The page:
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Hudson Valley Vernacular Architecture - Jan 2011

The latest newsletter of our friends at the HVVA includes a long article on the DeJoux House.   You can download a copy of the newsletter   HERE

As the author says "Why the southern room of the house had no heat source?" is a mystery.  Our recent renovation of that chimney and hearth proves there was no fire place on the south wall originally.  Seems very unusual but the article goes on to say that there have been other examples of this.  The piece also identifies the "spectacular" features of the house: the massive rafters and roof structures and the original doors and windows.  ("Possibly the best" John Stevens has seen -  and believe me he's seen a lot in his time as he is the author of the book on Dutch Vernacualar Architecture in America).

There are a few things that are inaccurate in the article.  Firsty, getting Daniel's name wrong -  "Flebus" rather than Flebut.   Secondy, why the article is titled Christian and Marytje Deyo House is more of a mystery than the fire place.  The description under the photos accurately describes the original owners as Christoffel and Deborah Deyo.  This matches the records in the tax office and the map of the area in 1790 -  all previously discussed on this blog.    I have looked up Christian (B3 )and Marytje in the Deyo family records -  yes I have the full family tree all the way back to the original Patentee.  

There is only one Christian and Marytje Deyo.  Christian was son of Pierre Deyo and married Marytje (Mary) deGraff in 1702.  Although they were said to live in the Springtown area,  my research had dismissed them as the original owners.   Firstly Christian was born in 1681 which would have made him about 60 when the house was built.  Secondly, there is no connection to a D. Deyo who is named as living in the house in both the Tax records of 1798 and the Map of the area in drawn in 1790.   Christian had three male children -  Peter (1702), Jacob (1704) and Moses (1707).     Can't find out much about Peter.  Jacob Deyo was married in 1724 and was a foot soldier of Kingston in 1738 and bought land in Poughkeepsie and died in 1741.  Moses was married in 1728 and was known to live in a "frame house about a mile north of Sprintown, torn down in 1820".   Any property passed to the daughters, who all married, would have lost the name Deyo and could not have been the D. Deyo on the map.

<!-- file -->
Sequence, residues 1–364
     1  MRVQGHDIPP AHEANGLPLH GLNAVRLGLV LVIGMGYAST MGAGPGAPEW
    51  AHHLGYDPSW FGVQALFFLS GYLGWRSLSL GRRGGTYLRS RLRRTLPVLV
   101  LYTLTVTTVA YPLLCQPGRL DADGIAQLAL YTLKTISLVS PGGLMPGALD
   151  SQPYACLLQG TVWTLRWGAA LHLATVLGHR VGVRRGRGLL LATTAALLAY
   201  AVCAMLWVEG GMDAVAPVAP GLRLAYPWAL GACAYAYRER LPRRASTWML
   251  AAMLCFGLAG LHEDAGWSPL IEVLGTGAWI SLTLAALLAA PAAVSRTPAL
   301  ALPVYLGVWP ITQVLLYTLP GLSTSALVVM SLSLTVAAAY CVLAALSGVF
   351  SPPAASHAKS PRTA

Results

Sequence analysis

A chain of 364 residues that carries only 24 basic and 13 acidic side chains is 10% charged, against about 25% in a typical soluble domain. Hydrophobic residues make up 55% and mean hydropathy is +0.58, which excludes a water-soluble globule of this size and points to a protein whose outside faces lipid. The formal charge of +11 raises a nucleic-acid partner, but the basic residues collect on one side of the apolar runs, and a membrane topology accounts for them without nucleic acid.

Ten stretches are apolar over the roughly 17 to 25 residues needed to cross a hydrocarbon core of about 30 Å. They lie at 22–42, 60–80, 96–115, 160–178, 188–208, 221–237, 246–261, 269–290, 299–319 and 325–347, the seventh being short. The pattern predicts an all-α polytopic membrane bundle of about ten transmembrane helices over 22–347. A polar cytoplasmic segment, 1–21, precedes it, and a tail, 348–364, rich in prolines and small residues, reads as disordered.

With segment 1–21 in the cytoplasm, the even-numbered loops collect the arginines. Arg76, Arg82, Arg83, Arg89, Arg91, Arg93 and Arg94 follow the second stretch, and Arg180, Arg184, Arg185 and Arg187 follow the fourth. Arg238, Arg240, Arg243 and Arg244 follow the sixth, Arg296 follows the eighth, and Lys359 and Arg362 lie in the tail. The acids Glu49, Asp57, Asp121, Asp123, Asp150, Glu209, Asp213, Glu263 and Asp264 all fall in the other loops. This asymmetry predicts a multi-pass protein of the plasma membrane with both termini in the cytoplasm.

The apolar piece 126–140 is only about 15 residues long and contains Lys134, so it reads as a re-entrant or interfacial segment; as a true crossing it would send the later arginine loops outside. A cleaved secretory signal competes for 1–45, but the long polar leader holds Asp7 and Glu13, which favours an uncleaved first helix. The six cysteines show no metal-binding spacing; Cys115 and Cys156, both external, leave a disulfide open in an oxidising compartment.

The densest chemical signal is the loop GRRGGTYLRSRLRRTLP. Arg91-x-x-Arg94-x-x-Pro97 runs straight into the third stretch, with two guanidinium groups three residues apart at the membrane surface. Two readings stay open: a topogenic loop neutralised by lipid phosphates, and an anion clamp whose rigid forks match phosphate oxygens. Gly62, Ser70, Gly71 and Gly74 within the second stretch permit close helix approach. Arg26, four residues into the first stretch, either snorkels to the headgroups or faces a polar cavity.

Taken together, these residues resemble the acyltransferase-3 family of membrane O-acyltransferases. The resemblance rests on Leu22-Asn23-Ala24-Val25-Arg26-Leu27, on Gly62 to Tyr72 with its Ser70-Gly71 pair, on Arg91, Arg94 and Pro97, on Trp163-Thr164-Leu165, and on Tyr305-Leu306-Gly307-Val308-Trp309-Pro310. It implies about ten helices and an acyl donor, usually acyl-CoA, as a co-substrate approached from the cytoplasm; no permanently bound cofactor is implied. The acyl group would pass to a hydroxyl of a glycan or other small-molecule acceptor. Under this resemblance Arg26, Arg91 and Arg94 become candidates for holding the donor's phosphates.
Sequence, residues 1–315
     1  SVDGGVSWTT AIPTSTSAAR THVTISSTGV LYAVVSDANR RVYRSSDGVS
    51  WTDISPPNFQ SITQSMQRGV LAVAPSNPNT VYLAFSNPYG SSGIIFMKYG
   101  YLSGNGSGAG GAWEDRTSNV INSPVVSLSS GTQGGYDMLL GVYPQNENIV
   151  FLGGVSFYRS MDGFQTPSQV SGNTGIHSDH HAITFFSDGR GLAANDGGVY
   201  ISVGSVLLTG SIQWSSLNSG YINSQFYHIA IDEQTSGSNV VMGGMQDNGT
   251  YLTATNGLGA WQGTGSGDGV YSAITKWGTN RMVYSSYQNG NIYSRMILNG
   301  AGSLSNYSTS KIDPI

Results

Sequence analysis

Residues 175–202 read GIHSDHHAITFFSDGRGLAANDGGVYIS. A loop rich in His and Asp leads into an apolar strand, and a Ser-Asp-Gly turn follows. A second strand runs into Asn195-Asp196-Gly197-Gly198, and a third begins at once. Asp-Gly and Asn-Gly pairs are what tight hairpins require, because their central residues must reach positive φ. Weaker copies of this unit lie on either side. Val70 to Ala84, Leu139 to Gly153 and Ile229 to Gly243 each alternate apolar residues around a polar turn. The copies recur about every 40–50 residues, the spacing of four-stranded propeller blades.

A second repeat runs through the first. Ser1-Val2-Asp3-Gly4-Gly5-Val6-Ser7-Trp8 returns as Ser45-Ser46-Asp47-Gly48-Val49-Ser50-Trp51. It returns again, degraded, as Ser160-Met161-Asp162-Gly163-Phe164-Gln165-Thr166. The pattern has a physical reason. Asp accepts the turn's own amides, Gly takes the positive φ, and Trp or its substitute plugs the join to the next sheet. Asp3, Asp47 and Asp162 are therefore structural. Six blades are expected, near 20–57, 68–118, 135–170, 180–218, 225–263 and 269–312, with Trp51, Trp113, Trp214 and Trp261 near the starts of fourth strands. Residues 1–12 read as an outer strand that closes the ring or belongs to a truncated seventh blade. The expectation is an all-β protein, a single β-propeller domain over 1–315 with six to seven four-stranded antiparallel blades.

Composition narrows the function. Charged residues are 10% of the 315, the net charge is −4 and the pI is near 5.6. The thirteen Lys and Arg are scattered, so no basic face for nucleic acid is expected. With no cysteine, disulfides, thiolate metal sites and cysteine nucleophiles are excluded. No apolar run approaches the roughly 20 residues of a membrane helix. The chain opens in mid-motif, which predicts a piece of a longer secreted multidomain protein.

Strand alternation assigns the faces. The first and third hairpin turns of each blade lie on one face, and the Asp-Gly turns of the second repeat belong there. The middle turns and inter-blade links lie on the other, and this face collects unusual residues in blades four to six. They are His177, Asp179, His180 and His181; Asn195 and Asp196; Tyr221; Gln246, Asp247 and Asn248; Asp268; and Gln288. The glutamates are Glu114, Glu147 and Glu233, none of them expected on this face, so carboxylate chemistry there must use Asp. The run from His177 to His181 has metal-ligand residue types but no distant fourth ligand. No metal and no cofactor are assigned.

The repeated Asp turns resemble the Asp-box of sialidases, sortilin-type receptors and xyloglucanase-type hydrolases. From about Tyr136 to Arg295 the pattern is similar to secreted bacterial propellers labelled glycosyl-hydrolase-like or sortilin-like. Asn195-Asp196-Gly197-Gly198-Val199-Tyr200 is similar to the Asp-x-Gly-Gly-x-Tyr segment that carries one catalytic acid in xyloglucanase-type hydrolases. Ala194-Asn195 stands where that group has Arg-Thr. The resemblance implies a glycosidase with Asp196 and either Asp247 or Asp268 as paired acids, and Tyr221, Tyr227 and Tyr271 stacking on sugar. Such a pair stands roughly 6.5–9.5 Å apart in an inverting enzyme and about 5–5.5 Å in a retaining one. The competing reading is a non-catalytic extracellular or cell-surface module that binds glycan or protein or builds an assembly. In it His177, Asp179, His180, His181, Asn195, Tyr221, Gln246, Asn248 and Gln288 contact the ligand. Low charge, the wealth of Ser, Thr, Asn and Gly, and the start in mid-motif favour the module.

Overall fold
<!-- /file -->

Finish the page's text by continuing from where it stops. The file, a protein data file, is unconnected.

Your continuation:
His cousin Christoffel is a much more likely candidate.  One generation later (Christian was his uncle) he was born in 1728 (C-17 in the Family tree) and married  Deborah (Van Vliet) in 1736.  The house was built in or around 1740 and the couple had their first child David Deyo in 1758.  Two more children in 1764 and 1768  -  adding the kitchen in between in 1765.  Even though Christoffel was still alive in 1790 when the map was drawn he was 62 and died two years later.  Seems likely that, by the time the 1790 map was drawn up, the 200 acre farm had already passed to David Deyo his son who married Rachel Ean in 1771 and had their first son Christoffel Jr. in 1792 the year Christoffel senior died. 

The future descendents of David Deyo also match the names on the transfer of ownership deeds described in a previous blog post.  Case Closed!

Comments

  1. I am under the impression Hendricus (son of Pierre and father to Benjamin and Christoffel) was one of the first to venture beyond the confines of New Paltz into the Bontecoe area. The Deyo house on the opposite side of the Wallkill from yours was built by Hendricus and served as the family homestead until his death in 1739. Benjamin became heir to the house and his brother built the house you are currently restoring. This branch of the Deyos were a very closely knit group and for a few hundred years maintained a strong presence in the Bonticoe, Springtown and Tillson areas. My grandfather, of this line, was born and raised less than a mile away from your house and less than 5 miles from where the original Patentee settled. Speaks highly of the quality of the farmland.
    Hope this helps a little. Noble work you're doing.
    John B. Houghtaling

    ReplyDelete
  2. Thanks john, You and I have both come to the same conclusions. i think it is wonderful that you are a descendent of the family that lived at Dejoux House. I'm testing out the farmland by planting a small vegetable garden. Will keep this site updated on the progress. So far everything seems to grow amazingly here, especially the poison ivy and the bittersweet vine...The house and property had been left natural for many, many years and the vines really have taken over the trees and the ground.

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My investigation started with the facts that we knew so far.

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